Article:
Kalyan Duvva

Covid-19 is the worst ever crisis the humankind faced so far, having dramatically changed people’s lifestyle, altered the dynamics of human interaction and last but not the least, changed the work culture of organisations.

The pandemic, which lasted for two full years with a caution of ‘avoiding physical contact’, has necessitated transformation of organisations. The small and medium size companies, representing 90% of businesses and more than 50% of employment across the world, were severely impacted during the pandemic forcing them to adapt a new work culture.

During the pre-pandemic period, there was a strong advocacy of process-driven culture which insisted on team work to deliver on their strategy and fulfil customers’ needs, to help the organisation win more customers.

Once Covid-19 spread its tentacles, use of technology, flexibility of working hours, upskilling and wellness of employees rose to prominence.

Use of technology: Compelled to handle the operations with minimum workforce during the lockdown, the industry had to make the best use of technology by incorporating it at all stages of the manufacturing chain, to capture growth and profitability. Digitalisation and mechanisation of some operations would not only reduce dependence on workforce but also ensure efficient production.

Flexibility: The ‘physical distance’ norm insisted during Covid-19 necessitated organisations to reduce the number of employees attending work during every shift. The managements switched to innovative practices like alternate day attendance, allowed a few who can work online to work from home and also opted for hybrid model which mixed physical attendance and online support alternately. The flexibility in working hours and shifts led to employee satisfaction and improved production.

Upskilling: During the pandemic, remote working and digitalization of the business operations emerged to be the need of the hour. In tune with the demand, organisations had to upskill their workforce as per the requirement. Designing ways to improve the virtual ways of working remained to be the priority of the organisations which needed conducting live video sessions, providing social-sharing tools to train the employees in digital, cognitive, emotional and adaptability skills.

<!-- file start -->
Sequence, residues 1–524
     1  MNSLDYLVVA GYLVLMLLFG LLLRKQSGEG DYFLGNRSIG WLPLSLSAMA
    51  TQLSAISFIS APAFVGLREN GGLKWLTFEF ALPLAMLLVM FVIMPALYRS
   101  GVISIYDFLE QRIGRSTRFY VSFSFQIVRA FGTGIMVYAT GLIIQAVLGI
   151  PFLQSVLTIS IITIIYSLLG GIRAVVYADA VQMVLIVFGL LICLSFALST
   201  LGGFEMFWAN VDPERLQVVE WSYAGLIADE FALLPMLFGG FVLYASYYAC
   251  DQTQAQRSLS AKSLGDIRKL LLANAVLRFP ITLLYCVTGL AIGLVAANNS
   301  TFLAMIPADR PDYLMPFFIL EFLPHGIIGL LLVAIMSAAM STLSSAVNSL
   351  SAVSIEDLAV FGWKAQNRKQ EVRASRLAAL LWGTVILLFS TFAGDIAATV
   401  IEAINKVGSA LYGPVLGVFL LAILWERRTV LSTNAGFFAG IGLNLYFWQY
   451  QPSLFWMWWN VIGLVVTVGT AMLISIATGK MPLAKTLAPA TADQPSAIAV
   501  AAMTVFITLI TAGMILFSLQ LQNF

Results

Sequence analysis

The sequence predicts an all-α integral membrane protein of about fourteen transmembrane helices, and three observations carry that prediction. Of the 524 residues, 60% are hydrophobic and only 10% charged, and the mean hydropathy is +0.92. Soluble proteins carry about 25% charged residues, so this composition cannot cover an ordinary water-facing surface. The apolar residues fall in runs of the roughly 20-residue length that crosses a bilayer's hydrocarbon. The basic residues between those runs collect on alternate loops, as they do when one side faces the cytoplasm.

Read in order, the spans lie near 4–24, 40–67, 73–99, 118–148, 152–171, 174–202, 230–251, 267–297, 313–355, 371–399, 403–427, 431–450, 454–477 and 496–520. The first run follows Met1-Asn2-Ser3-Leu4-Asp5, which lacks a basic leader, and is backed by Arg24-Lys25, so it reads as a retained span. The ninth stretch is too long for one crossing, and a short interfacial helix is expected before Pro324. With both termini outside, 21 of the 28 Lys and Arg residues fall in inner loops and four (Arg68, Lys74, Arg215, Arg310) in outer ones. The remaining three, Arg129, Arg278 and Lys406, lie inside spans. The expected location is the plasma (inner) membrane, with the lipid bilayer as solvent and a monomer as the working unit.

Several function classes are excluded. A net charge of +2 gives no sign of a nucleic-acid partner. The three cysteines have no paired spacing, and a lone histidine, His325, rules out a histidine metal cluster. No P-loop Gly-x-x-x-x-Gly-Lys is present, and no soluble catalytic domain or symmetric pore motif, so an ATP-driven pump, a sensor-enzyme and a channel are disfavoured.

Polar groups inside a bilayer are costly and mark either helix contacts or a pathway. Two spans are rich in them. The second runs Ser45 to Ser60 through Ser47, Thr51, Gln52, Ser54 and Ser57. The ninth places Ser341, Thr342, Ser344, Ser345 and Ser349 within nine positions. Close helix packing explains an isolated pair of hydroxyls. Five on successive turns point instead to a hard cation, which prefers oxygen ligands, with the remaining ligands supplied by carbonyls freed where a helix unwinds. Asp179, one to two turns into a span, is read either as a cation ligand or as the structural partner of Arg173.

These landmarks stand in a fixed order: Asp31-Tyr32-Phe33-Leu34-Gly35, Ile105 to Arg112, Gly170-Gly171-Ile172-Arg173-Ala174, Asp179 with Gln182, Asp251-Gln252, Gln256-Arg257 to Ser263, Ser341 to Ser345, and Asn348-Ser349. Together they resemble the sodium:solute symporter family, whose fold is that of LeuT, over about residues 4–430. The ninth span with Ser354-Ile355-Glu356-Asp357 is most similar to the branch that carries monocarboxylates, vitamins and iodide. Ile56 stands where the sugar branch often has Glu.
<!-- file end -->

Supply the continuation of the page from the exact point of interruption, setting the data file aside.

In fact, the industry leaders were of the opinion that the workforce will have to acquire a new skillset by 2030 when automation and artificial intelligence would disrupt jobs. However, the pandemic had pushed this need much earlier.

Wellness: The pandemic showed newer areas of focus for the organisations which opined that their task of employee welfare ended with a pay hike.

Covid-19 made the managements understand that wellness of employees also mattered for improved and efficient production of goods and services. The highly infectious virus set the priorities right and organisations focused on protecting and safeguarding the health of the employees. To ensure employee wellness, yoga session and classes on mental wellbeing were organised online. At the same time, social gatherings were replaced by virtual get-togethers to develop a sense of belongingness among the employees and also with the organization.

Business leaders were of the opinion that the new norms adapted by the organisations during the pandemic had to be replaced with the old practices once the crisis recedes but in fact, the new work culture was found to be a blueprint which could be continued for a long term. They believe that the new skillset acquired by the employees and transformed business operations would certainly keep the industry ready to face any crisis or disruption in the future.

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